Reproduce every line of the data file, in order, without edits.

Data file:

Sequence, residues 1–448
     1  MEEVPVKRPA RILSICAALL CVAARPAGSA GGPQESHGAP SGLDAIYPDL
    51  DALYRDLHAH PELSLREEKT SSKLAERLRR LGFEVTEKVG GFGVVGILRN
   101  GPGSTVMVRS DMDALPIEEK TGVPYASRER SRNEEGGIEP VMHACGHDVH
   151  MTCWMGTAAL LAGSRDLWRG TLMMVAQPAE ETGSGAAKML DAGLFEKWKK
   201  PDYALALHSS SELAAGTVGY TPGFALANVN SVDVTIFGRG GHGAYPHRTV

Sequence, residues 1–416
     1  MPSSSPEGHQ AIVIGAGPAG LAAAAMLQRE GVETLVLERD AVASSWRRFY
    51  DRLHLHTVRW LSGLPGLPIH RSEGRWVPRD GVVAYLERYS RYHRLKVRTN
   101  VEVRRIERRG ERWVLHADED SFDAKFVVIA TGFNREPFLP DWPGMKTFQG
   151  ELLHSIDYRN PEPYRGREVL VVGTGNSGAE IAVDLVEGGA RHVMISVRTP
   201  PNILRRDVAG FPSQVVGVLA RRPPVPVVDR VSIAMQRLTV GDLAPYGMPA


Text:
Sequence, residues 1–448
     1  MEEVPVKRPA RILSICAALL CVAARPAGSA GGPQESHGAP SGLDAIYPDL
    51  DALYRDLHAH PELSLREEKT SSKLAERLRR LGFEVTEKVG GFGVVGILRN
   101  GPGSTVMVRS DMDALPIEEK TGVPYASRER SRNEEGGIEP VMHACGHDVH
   151  MTCWMGTAAL LAGSRDLWRG TLMMVAQPAE ETGSGAAKML DAGLFEKWKK
   201  PDYALALHSS SELAAGTVGY TPGFALANVN SVDVTIFGRG GHGAYPHRTV

Sequence, residues 1–416
     1  MPSSSPEGHQ AIVIGAGPAG LAAAAMLQRE GVETLVLERD AVASSWRRFY
    51  DRLHLHTVRW LSGLPGLPIH RSEGRWVPRD GVVAYLERYS RYHRLKVRTN
   101  VEVRRIERRG ERWVLHADED SFDAKFVVIA TGFNREPFLP DWPGMKTFQG
   151  ELLHSIDYRN PEPYRGREVL VVGTGNSGAE IAVDLVEGGA RHVMISVRTP
   201  PNILRRDVAG FPSQVVGVLA RRPPVPVVDR VSIAMQRLTV GDLAPYGMPA